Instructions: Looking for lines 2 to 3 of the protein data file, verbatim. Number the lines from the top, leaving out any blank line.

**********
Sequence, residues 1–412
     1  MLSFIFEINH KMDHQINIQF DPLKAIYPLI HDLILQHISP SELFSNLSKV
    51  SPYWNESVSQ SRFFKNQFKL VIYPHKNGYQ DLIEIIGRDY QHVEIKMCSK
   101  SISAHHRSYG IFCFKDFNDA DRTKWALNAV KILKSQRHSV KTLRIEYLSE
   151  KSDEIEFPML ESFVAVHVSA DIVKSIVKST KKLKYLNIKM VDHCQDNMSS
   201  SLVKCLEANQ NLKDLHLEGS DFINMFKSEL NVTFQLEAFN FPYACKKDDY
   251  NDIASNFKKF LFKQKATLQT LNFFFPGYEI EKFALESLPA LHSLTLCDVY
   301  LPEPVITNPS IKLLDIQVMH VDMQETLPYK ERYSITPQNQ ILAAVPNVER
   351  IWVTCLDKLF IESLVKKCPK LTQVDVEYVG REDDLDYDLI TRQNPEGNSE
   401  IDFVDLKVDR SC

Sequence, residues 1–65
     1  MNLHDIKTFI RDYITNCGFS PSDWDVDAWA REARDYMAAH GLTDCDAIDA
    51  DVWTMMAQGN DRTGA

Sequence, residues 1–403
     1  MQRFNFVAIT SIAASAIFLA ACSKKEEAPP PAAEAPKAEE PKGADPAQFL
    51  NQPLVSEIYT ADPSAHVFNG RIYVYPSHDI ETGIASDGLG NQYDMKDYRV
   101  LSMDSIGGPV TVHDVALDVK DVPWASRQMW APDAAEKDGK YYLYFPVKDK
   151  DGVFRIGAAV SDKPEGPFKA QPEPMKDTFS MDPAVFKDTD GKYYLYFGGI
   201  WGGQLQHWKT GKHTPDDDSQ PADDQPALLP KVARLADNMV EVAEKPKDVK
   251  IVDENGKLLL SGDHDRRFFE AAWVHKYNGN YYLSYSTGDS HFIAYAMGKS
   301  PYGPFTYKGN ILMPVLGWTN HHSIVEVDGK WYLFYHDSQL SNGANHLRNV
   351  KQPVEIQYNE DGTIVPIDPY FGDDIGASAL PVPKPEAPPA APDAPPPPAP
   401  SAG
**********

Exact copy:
     1  MLSFIFEINH KMDHQINIQF DPLKAIYPLI HDLILQHISP SELFSNLSKV
    51  SPYWNESVSQ SRFFKNQFKL VIYPHKNGYQ DLIEIIGRDY QHVEIKMCSK